As hundreds of thousands of earnest people arrive in New York for a variety of creative protests, many worry that conflicts in the streets televised across the world will be used to Bush’s advantage.
Keeping demonstrations peaceful is urged.
But the gentlest intentions may not be enough.
On January 20, 2001, the Bush-Cheney Presidential Inaugural Committee coordinated with the D.C. Police and federal law enforcement to send out government agents provocateurs – undercover agents (caught on tape - see PBS' "Now with Bill Moyers") walking through groups of peaceful demonstrators, covertly squirting pepper spray at close range into the faces of innocent people.
Not just to intimidate, but to provoke violence and arrests.
And that was before 9/11. According to Mara Verheyden-Hilliard of the Partnership for Civil Justice, a public interest law firm in Washington, D.C.:
This is an effort to criminalize dissent. It's an effort from the Ashcroft Justice department specifically since September 11th. . . They're targeting people purely based on people standing up and saying they oppose government policy.
Ms. Verheyden-Hilliard and her husband, Carl Messineo, have several lawsuits filed against D.C. police and the federal government regarding this abuse of civil rights. (The D.C. Police had to admit that the pepper sprayers on Inauguration Day were indeed their own officers.)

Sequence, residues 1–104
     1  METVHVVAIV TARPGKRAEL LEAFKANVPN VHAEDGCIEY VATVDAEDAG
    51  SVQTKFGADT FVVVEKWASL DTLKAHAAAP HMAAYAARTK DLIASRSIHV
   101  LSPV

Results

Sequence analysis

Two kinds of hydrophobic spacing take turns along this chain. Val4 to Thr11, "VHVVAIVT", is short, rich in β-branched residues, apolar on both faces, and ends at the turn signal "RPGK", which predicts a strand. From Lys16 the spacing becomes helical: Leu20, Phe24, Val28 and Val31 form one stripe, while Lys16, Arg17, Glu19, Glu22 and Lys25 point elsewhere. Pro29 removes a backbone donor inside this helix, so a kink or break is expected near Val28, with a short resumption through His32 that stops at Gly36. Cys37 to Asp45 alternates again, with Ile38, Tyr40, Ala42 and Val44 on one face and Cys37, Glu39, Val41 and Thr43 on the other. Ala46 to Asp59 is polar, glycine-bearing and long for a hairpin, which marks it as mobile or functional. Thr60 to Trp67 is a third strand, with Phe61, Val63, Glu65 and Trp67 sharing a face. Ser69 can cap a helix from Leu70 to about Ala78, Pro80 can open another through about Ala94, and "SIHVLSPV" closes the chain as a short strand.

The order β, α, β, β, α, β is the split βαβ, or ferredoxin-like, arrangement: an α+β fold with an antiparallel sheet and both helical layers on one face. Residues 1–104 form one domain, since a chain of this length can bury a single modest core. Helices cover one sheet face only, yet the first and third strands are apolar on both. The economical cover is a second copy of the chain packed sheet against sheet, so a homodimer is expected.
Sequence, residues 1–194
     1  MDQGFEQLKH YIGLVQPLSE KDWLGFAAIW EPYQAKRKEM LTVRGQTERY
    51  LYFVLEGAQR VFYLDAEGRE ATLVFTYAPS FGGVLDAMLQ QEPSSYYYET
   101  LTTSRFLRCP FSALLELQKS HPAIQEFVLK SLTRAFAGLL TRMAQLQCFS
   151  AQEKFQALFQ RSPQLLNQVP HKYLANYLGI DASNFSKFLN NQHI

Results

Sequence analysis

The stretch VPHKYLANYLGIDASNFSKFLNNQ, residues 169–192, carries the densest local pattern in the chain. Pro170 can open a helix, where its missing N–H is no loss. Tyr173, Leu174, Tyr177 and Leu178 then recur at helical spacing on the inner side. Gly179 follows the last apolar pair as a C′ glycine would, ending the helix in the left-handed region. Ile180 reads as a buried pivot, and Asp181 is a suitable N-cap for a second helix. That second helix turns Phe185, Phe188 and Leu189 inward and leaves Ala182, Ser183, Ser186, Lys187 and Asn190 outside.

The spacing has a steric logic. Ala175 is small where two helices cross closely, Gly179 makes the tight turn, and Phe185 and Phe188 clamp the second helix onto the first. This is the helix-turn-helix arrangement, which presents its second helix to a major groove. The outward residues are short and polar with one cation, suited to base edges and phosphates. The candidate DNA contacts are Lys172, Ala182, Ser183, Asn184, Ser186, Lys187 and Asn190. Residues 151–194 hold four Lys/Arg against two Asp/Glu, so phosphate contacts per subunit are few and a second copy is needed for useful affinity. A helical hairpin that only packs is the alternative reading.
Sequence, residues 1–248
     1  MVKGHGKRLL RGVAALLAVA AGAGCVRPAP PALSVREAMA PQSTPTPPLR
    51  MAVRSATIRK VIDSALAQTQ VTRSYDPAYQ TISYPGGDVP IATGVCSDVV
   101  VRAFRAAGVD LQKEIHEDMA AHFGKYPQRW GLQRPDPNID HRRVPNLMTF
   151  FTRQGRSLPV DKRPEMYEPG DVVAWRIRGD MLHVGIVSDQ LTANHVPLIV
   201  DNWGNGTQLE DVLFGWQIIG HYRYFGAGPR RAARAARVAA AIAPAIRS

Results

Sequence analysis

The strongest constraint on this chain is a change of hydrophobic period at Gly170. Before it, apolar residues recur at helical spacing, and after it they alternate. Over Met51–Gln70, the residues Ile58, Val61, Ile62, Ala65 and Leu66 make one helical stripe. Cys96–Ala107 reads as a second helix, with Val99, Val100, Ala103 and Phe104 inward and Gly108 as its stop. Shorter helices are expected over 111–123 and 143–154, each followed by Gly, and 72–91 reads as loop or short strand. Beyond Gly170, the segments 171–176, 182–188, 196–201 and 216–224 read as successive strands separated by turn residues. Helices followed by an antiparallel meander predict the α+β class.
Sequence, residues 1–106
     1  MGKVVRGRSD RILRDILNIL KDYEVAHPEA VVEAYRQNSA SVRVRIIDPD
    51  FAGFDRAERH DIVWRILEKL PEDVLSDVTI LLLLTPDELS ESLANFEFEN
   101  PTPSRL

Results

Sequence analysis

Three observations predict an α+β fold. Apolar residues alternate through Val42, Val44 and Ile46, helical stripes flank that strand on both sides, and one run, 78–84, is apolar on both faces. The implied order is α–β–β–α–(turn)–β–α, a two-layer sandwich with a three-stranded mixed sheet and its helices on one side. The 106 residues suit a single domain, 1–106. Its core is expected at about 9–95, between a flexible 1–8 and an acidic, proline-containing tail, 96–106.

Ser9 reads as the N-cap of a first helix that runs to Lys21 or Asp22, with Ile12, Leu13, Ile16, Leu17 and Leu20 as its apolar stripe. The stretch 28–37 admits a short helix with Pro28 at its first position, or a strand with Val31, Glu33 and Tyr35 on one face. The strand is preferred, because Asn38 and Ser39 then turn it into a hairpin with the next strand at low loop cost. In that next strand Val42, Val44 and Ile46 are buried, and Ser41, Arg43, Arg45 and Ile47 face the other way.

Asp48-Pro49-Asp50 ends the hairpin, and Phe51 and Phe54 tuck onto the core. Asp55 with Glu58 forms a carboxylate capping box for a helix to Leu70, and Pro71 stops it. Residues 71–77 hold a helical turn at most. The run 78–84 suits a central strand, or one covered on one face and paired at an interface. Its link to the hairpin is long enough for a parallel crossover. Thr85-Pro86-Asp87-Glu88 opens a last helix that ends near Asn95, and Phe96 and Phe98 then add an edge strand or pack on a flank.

Now, under John Ashcroft, the Justice Department allows FBI agents to go undercover to monitor citizen gatherings, whether or not there is evidence or suspicion of criminal activity.
So local police are doing their part as well.
In April 2003, the Colorado Coalition Against War in Iraq, a non-violent group, appropriately contacted police to notify them that they intended to go to U.S. Senator Wayne Allard’s office to present a resolution calling for an end to the U.S. presence in Iraq and an independent inquiry into the truthfulness of the justifications for the military action.
The night before their intended presentation, the group found themselves shocked by the suggestion of an eager new participant who said they should they up the ante and storm the building. Fortunately, wise leaders prevailed, and the new guy was later found to be with the Sheriff’s Office.
Recent terrorist alerts in Washington and New York have shown Bush and his administration anxious to display a sudden burst of diligence. Now, at the Republican National Convention in New York City, amidst new reports from Abu Ghraib, revelations of an Israeli spy in the Defense Department influencing Middle East policy, the Census Bureau reporting a growth in poverty and the uninsured, and scornful words from the Iraqi soccer team, Bush needs an enemy he can crush, especially on prime time television.
Demonstrators in New York should be very careful, and observers need to watch for Bush distracting from serious issues by focusing on turning peaceful dissenters into dangerous, crazy, Kerry-supporting terrorists he must crush for the safety of the American people.
To verify/research, Google "Bush +protest +pepper".